15. Impact of mannanoligo saccharides on performance traits of rainbow trout

    OpenAIRE

    Obradović S.; Živković B.; Đekić V.; Šekler M.; Živkov-Baloš M.; Marković M.

    2013-01-01

    The effect of mannanoligo saccharides (MOS) as a food additive, applied at a concentration of 0.2% (O-I group of fish) and 0.3% (O-II group of fish) on morphometric characteristics and primary production of the Californian trout was investigated. The experiment was conducted on 450 fish divided into three groups with 150 individuals in each group, and lasted 40 days. The analysis of obtained results established the beneficial effect of the applied additives...

  16. Preservation of salted and smoked rainbow trout by irradiation

    Energy Technology Data Exchange (ETDEWEB)

    Fiszer, W. (Agricultural Univ., Poznan (Poland). Dept. of Nuclear Technique in Agriculture); Zabielski, J. (Agricultural Univ., Poznan (Poland). Dept. of Nuclear Technique in Agriculture); Magnuski, T. (Agricultural Univ., Poznan (Poland). Dept. of Nuclear Technique in Agriculture)

    1993-01-01

    The benefits of radiation treatment of ready-to-eat rainbow trout fillets manifest through the extention of lag period of bacterial regrowth during storage. The shelf-life of the fillets, which is declared by the producer as 14 days, may be doubled. No significant decrease in eating quality due to the treatment was found. The dose of 2 kGy combined with the smoking, salting, vacuum packaging and storage in 2 -3 C is satisfactory to achieve the goal. (orig.)

  17. Developing recreational harvest regulations for an unexploited lake trout population

    Science.gov (United States)

    Lenker, Melissa A; Weidel, Brian C.; Jensen, Olaf P.; Solomon, Christopher T.

    2016-01-01

    Developing fishing regulations for previously unexploited populations presents numerous challenges, many of which stem from a scarcity of baseline information about abundance, population productivity, and expected angling pressure. We used simulation models to test the effect of six management strategies (catch and release; trophy, minimum, and maximum length limits; and protected and exploited slot length limits) on an unexploited population of Lake Trout Salvelinus namaycush in Follensby Pond, a 393-ha lake located in New York State’s Adirondack Park. We combined field and literature data and mark–recapture abundance estimates to parameterize an age-structured population model and used the model to assess the effects of each management strategy on abundance, catch per unit effort (CPUE), and harvest over a range of angler effort (0–2,000 angler-days/year). Lake Trout density (3.5 fish/ha for fish ≥ age 13, the estimated age at maturity) was similar to densities observed in other unexploited systems, but growth rate was relatively slow. Maximum harvest occurred at levels of effort ≤ 1,000 angler-days/year in all the scenarios considered. Regulations that permitted harvest of large postmaturation fish, such as New York’s standard Lake Trout minimum size limit or a trophy size limit, resulted in low harvest and high angler CPUE. Regulations that permitted harvest of small and sometimes immature fish, such as a protected slot or maximum size limit, allowed high harvest but resulted in low angler CPUE and produced rapid declines in harvest with increases in effort beyond the effort consistent with maximum yield. Management agencies can use these results to match regulations to management goals and to assess the risks of different management options for unexploited Lake Trout populations and other fish species with similar life history traits.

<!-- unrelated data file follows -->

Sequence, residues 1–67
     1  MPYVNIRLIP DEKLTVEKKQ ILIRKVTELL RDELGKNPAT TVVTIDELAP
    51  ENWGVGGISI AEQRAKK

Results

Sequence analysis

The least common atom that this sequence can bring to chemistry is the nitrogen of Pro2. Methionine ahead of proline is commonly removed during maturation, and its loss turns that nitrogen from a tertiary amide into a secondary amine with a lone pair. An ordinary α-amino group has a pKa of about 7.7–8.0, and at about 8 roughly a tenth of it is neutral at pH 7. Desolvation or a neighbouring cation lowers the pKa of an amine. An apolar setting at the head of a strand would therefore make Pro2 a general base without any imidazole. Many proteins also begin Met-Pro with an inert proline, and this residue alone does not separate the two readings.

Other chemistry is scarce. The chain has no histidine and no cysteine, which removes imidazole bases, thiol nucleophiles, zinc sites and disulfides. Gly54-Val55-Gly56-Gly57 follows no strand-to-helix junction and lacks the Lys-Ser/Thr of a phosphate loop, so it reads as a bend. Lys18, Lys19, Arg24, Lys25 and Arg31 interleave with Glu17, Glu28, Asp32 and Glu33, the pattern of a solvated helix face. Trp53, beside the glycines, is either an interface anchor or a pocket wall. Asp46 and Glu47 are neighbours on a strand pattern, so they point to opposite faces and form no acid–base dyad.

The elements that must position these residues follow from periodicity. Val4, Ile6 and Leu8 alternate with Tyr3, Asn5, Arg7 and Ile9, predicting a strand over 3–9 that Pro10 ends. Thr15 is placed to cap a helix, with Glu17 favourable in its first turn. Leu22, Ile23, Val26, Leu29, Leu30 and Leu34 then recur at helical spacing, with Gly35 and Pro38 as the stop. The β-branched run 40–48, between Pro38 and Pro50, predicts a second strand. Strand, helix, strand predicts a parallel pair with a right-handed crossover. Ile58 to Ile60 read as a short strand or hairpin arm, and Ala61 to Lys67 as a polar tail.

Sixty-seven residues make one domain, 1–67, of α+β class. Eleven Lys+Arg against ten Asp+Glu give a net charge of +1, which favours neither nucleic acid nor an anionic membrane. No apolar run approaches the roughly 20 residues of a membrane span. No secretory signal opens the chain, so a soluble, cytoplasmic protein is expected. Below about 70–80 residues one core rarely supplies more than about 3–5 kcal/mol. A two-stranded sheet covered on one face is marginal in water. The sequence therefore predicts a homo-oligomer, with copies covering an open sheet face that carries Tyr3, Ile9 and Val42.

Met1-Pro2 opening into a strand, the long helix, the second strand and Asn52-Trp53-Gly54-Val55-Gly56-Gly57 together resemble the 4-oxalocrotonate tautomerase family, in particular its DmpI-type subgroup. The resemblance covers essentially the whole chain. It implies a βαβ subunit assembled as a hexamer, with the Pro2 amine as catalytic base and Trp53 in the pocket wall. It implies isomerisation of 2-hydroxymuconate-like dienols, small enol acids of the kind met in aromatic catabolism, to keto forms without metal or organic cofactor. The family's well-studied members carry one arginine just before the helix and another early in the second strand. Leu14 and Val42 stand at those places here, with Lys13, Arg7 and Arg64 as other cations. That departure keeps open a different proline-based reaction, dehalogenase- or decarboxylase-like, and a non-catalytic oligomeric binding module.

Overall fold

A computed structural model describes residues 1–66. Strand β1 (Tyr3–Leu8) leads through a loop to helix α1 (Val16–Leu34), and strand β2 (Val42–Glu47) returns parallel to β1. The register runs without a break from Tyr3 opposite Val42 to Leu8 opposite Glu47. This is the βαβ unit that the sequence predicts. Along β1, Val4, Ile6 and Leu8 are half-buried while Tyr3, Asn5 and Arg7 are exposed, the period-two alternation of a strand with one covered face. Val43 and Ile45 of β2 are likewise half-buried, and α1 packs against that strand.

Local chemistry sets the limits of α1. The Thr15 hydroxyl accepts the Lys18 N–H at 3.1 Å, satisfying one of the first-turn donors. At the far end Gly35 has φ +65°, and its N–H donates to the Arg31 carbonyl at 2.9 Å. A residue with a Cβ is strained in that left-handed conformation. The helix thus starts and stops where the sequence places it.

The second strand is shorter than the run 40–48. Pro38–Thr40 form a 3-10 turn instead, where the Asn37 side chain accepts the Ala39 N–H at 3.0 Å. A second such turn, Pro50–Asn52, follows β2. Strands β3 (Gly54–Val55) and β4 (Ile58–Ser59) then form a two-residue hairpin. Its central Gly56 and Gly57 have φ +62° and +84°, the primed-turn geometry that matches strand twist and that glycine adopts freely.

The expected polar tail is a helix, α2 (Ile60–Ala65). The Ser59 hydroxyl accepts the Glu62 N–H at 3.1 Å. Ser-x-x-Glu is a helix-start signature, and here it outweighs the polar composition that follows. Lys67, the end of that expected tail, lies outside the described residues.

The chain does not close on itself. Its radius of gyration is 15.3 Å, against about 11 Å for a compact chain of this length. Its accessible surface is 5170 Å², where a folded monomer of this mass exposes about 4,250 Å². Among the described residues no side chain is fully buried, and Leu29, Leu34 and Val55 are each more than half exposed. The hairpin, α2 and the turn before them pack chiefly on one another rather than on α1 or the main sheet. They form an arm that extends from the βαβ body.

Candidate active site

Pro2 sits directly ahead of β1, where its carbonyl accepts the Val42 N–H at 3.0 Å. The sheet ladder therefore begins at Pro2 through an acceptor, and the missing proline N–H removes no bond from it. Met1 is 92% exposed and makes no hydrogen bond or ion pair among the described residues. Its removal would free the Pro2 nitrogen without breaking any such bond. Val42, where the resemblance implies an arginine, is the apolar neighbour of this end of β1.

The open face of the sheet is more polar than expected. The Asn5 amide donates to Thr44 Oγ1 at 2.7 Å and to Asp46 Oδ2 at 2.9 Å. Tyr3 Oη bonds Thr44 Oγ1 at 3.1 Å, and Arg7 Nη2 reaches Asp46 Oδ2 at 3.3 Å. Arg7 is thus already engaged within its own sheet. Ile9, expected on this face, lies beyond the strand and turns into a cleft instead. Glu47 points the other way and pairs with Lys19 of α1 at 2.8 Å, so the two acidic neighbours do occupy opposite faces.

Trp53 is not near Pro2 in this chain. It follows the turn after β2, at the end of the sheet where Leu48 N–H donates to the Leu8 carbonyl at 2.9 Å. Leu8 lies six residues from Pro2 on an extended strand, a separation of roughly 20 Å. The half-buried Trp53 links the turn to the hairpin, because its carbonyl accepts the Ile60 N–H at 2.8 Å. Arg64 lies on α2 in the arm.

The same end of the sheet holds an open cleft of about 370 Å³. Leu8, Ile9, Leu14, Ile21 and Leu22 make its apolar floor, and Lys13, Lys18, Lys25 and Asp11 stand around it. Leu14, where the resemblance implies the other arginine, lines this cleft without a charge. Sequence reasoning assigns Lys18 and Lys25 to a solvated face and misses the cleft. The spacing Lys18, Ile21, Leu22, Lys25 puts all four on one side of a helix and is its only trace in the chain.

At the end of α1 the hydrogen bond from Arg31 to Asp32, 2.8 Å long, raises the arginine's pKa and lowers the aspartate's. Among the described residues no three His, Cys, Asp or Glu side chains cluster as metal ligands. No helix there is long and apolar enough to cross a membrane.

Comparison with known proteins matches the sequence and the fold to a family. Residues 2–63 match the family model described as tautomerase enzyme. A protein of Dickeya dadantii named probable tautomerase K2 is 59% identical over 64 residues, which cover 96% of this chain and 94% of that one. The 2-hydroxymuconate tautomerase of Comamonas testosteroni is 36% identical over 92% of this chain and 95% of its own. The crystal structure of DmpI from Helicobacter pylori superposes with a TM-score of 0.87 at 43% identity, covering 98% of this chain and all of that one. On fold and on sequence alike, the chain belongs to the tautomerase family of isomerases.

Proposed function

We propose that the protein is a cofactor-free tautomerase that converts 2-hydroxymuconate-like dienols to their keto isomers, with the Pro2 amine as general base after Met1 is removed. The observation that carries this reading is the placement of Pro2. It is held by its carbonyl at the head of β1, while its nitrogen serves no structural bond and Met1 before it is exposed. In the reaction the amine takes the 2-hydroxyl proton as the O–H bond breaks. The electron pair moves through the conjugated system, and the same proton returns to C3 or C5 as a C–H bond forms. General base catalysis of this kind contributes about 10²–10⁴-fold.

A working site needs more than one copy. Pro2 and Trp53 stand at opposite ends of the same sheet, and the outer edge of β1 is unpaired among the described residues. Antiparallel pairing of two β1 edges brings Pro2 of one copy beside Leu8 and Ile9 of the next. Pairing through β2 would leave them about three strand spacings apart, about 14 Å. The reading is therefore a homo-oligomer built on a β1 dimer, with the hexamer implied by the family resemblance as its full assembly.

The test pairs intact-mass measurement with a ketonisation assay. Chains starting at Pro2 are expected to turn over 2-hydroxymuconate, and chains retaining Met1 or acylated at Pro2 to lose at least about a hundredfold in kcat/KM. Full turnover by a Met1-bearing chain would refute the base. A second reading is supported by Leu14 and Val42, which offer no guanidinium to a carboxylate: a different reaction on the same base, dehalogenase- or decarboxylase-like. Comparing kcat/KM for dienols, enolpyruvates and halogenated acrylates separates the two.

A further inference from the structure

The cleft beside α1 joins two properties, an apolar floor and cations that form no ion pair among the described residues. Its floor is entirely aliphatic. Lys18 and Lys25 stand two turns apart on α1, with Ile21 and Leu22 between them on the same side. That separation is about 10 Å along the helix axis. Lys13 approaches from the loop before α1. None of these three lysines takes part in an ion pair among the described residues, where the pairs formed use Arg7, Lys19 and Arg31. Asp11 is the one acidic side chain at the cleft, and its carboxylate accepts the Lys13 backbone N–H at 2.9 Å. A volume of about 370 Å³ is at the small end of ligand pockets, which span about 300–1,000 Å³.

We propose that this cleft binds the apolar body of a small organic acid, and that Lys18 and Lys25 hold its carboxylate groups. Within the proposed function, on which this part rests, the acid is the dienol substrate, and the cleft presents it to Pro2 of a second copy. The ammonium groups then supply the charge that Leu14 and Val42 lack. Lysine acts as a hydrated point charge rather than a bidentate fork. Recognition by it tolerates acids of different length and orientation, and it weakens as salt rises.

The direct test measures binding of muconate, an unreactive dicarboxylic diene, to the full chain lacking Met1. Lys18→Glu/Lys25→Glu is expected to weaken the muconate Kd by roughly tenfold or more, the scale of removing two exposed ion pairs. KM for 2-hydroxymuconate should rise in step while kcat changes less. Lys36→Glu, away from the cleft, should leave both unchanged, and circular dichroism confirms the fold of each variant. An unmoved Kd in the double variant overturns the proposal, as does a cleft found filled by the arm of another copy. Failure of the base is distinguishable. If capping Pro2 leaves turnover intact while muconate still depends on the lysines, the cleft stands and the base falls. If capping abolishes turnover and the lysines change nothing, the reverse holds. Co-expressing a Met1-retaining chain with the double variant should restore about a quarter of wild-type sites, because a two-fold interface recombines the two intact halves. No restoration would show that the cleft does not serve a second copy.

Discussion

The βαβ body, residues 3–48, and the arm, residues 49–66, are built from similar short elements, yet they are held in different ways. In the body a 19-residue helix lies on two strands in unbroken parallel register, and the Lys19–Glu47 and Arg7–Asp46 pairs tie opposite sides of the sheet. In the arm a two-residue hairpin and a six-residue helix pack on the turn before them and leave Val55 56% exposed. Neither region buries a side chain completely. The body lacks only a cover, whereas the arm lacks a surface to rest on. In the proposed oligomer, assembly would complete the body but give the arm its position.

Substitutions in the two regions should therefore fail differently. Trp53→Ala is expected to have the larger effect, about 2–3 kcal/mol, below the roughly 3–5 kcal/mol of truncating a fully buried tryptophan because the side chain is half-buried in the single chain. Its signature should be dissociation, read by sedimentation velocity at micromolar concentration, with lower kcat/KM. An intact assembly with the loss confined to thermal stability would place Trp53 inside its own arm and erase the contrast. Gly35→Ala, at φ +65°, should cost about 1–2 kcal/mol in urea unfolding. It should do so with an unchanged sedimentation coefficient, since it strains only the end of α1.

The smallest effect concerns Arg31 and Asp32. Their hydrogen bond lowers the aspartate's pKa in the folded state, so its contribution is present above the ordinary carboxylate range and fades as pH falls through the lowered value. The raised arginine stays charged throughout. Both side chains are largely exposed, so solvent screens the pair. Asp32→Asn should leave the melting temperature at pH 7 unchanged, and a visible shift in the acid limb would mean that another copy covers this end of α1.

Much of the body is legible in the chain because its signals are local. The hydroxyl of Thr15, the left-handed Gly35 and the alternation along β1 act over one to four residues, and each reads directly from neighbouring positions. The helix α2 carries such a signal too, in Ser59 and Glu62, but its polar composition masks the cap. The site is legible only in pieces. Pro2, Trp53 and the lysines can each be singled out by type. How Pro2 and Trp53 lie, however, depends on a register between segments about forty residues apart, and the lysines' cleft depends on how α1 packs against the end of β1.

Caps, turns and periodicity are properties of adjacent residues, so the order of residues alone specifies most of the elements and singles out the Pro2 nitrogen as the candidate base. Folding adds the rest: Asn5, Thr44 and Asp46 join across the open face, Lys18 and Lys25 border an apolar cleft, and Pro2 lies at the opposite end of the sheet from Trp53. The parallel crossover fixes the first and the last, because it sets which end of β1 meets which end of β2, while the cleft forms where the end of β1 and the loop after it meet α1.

18. Effects of red bull energy drink on repeated sprint performance in women athletes.

    Science.gov (United States)

    Astorino, Todd A; Matera, Angela J; Basinger, Jency; Evans, Mindy; Schurman, Taylor; Marquez, Rodney

    2012-05-01

    Energy drinks are frequently consumed by athletes prior to competition to improve performance. This study examined the effect of Red Bull™ on repeated sprint performance in women athletes. Fifteen collegiate soccer players participated, with mean age, height, and body mass equal to 19.5±1.1 year, 168.4±5.8 cm, and 63.4±6.1 kg, respectively. After performing a familiarization trial, subjects performed three sets of eight bouts of the modified t test after ingestion of 255 mL of placebo or Red Bull 1 h pre-exercise in a randomized, placebo-controlled crossover design. Throughout testing, sprint time, heart rate (HR), and rating of perceived exertion (RPE) were continuously obtained. Repeated measures analysis of variance was used to examine differences in variables between drink conditions. Across athletes, t test time ranged from 10.4 to 12.7 s. Mean sprint time was similar (p>0.05) between Red Bull (11.31±0.61 s) and placebo (11.35±0.61 s). HR and RPE increased (p0.05) of Red Bull on either variable versus placebo. Findings indicate that 255 mL of Red Bull containing 1.3 mg/kg of caffeine and 1 g of taurine does not alter repeated sprint performance, RPE, or HR in women athletes versus placebo. One serving of this energy drink provides no ergogenic benefit for women athletes engaging in sprint-based exercise.

  19. Leg lesions and cleanliness of finishing bulls kept in housing systems with different lying area surfaces.

    Science.gov (United States)

    Schulze Westerath, H; Gygax, L; Mayer, C; Wechsler, B

    2007-07-01